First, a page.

By Francesca Serra and David Murphy
Jamaican sprinter Elaine Thompson-Herah is officially the world’s fastest woman. The 29-year-old sprinter, who competes in the 60 metres, 100 metres and 200 metres, won gold in the 100-meter dash at the Tokyo Games in 2021, crossing the finish line in just 10.61 seconds, breaking a 33-year-old Olympic record for the race in the process.
When it comes to the race that is achieving excellence in the fields of science and engineering, how fast can women go? Considering the past 20 years, the answer is extremely fast. And here, in Saudi Arabia, after a somewhat slow start to the “race,” people are now witnessing one of the quickest sprints in the world. It's a sprint that cannot be described in stock measurements of inches, feet and centimetres, but a race that has brought the presence of women in scientific disciplines in the Kingdom from almost zero to 32 percent in just 20 years.
“Having been raised in Saudi Arabia, I was fortunate to get this strong foundation of self-belief. “My culture, my family, and my faith have all contributed to that foundation. I had a father who could teach me anything I wanted.” These are the words of Dr. Hayat Sindi, the first Saudi "racer," in a 2018 interview with Entrepreneur Middle East.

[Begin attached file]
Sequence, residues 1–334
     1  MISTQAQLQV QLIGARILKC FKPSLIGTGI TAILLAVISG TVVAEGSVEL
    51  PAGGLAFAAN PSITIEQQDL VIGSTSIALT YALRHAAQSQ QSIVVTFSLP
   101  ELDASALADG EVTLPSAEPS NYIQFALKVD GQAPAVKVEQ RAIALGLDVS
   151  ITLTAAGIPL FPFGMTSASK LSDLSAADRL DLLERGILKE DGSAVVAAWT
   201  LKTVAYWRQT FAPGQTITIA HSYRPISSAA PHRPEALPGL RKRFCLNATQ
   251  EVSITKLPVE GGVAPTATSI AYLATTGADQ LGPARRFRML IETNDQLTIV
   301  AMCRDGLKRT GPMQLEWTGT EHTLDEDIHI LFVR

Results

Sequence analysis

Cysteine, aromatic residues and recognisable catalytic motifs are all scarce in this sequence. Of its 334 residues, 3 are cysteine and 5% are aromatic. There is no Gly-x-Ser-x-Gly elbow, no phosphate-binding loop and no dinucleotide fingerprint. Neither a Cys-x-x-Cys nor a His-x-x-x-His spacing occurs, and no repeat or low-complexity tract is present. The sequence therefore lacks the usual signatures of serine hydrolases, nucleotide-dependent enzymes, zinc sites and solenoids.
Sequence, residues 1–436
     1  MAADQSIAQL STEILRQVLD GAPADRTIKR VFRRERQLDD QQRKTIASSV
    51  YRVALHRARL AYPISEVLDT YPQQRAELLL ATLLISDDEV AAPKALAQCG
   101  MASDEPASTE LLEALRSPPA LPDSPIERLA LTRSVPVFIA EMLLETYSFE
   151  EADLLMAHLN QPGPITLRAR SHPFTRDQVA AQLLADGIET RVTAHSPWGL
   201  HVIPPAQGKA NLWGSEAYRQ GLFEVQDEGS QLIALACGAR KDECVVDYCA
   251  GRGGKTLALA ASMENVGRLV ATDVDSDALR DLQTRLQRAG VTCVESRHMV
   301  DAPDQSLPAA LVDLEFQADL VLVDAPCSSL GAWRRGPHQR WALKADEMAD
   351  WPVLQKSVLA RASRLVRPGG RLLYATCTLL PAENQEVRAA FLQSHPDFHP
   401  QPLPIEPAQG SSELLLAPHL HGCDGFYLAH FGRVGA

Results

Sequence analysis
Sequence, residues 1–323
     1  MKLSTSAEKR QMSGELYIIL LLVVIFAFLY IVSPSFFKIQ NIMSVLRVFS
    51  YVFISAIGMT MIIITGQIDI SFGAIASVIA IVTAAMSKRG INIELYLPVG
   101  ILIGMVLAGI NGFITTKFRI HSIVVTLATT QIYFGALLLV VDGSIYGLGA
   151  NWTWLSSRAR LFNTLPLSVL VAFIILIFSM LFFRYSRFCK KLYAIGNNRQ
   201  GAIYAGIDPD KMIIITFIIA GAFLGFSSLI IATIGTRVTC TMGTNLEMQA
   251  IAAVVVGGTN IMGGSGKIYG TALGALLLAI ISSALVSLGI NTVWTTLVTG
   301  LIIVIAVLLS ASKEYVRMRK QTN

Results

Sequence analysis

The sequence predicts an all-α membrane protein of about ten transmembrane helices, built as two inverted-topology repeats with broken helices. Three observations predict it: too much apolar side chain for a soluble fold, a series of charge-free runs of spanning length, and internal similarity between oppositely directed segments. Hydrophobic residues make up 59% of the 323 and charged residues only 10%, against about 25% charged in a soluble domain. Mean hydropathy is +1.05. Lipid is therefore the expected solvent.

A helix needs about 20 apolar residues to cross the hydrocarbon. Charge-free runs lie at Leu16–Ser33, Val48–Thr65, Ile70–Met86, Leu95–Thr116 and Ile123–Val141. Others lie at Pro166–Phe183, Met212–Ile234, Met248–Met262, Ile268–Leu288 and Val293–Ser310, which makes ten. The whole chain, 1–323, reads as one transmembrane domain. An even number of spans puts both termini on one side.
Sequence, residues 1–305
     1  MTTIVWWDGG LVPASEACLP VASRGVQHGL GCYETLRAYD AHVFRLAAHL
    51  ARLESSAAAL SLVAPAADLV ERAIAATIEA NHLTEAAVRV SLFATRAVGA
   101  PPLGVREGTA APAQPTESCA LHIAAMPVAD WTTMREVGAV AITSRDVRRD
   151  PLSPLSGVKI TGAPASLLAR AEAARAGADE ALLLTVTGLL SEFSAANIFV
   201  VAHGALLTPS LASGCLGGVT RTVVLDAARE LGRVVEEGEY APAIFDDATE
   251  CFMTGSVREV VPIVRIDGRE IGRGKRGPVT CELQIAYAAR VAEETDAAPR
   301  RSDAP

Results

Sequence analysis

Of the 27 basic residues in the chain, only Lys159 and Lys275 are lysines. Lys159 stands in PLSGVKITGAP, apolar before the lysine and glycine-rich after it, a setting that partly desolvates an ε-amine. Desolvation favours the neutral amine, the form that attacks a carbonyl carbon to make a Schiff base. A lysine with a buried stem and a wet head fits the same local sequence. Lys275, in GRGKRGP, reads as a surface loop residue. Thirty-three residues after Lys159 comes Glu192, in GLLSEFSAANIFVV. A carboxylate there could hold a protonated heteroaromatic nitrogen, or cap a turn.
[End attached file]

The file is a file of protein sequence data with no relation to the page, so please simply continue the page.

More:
Sindi—one of the world's leading biotechnologists—rose to fame in 2001 for being the first woman in the Kingdom and the Gulf region to receive a doctorate in biotechnology from the University of Cambridge, U.K. In many ways, she can be considered a pioneer who excelled in her chosen field in an era when Arab women did not have the same levels of access to study and work opportunities as their male counterparts.